It was often others who started the conversation – would I like to buy a map of Mumbai? Or perhaps a scarf – genuine cashmere? But most people were willing – after some haggling – to give their views on what they want from the candidates they plan to vote for on April 24.
Hitesh Chhabria is the owner of Immediate Boutique and is rooting for the Congress. “People are scaring other people into voting for Narendra Modi,” he said. “He is working the media well.”
Chhabria said he could see the difference a Congress government had made to the area, and wanted it to continue. “I’ve seen India 10 years ago, and I’ve seen India now. There’s a lot of difference,” he said. But he did have his reservations. “Politics is politics, people want to fill up their pockets,” he said.
Would he ever think about Arvind Kejriwal’s Aam Aadmi Party as an alternative?
“Maybe,” he said. “The AAP is a good thing. But Kejriwal is so small, and they are not letting him jump.”
A South African man who was in the shop chipped in to say he didn’t know much about Indian politics, but there was only one candidate he noticed thanks to wall-to-wall advertising: “The guy with the beard.”
As we spoke, several dozen AAP supporters, wearing their trademark white caps and waving the party’s symbolic brooms in the air, marched down the street, loudly telling people to give their party a chance in the election. Diwan Chandres, who works for an internet service provider, was part of the procession. “People are very supportive here,” he said. “Everyone is against corruption.”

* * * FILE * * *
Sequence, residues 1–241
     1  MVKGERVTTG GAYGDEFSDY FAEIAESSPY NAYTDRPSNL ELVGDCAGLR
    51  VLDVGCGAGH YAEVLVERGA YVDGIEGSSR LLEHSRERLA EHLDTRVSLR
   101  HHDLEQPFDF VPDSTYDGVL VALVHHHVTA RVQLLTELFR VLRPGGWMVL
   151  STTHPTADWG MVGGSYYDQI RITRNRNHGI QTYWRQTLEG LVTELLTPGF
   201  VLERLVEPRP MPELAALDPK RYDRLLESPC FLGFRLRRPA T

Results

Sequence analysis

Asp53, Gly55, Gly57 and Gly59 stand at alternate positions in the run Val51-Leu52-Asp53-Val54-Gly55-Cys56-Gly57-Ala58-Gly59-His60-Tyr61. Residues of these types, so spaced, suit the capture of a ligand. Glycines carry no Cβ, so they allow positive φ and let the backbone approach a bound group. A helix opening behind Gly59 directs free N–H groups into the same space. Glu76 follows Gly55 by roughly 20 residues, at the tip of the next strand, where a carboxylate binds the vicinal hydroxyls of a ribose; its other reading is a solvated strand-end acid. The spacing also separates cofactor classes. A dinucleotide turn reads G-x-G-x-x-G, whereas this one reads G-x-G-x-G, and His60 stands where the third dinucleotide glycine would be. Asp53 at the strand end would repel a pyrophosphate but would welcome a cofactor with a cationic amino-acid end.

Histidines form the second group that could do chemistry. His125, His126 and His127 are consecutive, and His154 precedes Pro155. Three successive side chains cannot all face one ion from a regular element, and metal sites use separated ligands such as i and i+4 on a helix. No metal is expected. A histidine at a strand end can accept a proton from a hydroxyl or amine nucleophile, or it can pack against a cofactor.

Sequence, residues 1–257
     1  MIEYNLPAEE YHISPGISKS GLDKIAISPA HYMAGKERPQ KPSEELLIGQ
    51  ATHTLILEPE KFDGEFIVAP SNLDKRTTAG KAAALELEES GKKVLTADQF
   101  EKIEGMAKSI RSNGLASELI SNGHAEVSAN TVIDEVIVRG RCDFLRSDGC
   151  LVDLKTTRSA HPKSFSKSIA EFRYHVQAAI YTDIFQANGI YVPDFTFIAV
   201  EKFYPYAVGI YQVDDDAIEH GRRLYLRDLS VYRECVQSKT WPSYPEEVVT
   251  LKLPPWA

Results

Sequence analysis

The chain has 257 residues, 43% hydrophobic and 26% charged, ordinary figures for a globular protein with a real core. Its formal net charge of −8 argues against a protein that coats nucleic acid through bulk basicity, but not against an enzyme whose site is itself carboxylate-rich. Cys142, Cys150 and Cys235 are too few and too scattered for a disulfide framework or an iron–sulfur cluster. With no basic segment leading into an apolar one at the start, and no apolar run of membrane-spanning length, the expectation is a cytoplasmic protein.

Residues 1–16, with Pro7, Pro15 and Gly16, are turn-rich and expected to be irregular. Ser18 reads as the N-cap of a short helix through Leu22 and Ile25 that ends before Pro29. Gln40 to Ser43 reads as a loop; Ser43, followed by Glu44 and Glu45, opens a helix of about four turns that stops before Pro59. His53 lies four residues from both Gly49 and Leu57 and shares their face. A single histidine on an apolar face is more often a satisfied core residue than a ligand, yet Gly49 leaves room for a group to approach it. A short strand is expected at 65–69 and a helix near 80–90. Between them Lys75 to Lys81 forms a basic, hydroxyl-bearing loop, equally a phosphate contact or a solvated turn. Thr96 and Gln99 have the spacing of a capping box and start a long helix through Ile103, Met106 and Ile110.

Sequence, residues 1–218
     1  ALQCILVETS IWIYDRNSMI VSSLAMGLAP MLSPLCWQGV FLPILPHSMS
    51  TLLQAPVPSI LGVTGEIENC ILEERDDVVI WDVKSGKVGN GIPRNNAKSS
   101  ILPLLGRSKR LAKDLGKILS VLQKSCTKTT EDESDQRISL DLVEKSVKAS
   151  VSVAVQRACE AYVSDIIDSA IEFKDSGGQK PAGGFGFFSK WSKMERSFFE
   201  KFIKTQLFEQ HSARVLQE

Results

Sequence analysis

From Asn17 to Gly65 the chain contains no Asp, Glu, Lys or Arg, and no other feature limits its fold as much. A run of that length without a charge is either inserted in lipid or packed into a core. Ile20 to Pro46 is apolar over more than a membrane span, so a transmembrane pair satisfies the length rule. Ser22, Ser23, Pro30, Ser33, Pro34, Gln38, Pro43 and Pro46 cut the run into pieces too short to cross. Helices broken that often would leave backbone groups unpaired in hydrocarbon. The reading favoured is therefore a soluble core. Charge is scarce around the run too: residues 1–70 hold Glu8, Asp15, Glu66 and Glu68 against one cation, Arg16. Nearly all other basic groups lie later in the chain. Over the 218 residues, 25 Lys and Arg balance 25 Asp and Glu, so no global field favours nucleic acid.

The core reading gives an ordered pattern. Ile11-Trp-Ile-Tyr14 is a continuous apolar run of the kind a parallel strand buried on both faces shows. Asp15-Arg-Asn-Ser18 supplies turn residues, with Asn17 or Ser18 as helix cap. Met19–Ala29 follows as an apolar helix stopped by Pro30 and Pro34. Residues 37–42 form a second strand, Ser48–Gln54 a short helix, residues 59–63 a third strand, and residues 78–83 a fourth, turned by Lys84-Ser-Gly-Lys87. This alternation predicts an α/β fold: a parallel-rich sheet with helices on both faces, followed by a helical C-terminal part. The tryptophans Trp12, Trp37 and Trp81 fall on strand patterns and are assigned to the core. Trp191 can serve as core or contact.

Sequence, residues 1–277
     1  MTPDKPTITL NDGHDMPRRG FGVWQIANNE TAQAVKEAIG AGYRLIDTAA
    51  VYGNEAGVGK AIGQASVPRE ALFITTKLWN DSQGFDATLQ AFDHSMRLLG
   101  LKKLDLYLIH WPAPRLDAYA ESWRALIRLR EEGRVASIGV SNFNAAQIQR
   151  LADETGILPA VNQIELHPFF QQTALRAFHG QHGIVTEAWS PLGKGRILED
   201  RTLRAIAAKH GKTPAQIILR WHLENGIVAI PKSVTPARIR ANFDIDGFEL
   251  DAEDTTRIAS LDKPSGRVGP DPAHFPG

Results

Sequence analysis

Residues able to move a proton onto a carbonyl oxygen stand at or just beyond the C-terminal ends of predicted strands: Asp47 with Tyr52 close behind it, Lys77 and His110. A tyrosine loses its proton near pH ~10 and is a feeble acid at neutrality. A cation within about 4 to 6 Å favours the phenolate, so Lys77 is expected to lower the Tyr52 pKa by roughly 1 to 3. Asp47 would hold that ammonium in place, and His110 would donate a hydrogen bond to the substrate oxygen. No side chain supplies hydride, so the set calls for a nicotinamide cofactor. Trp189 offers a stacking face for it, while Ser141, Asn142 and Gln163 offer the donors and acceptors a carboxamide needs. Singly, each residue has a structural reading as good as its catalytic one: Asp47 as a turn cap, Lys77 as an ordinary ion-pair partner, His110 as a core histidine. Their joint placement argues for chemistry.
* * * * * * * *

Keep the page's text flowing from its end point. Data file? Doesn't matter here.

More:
But does a young party have a genuine chance of winning here? “We have a 99 per cent chance of winning,” he said. That much? “Scientists, businessmen, students, taxi drivers, hawkers and doctors – all over India, people want the AAP and don’t want corruption.”
The AAP candidate, former Royal Bank of Scotland banker Meera Sanyal, might seem a strange choice for the aam aadmi [common man]. Her website even includes a quotation from Ayn Rand, a favourite of the right-wing Tea Party in the US. But that didn’t seem to make a difference to many on Colaba Causeway. In fact, the AAP was the most visible party on the road, with dozens of street merchants proudly wearing the official cap of the party.
Further along the road, Preety Virle was behind the counter at the Himalaya Wellness health shop. “All the parties are the same,” she said. “But you have to vote — that’s our right. I would like to try the Bharatiya Janata Party. We’ve had Congress for 10 years, but no change. I want to get inflation down. For working class people like me, our salaries are so low, we find it very difficult to cover our basic needs.”
Another person finding life difficult was Laxmi Jadhu, a beggar. She was carrying her small baby as she asked people to buy her milk powder among the busy market stalls. “I will vote, but I don’t know for whom,” she said. “I just hope the new government will do more for poor people. But I don’t know who will do that.”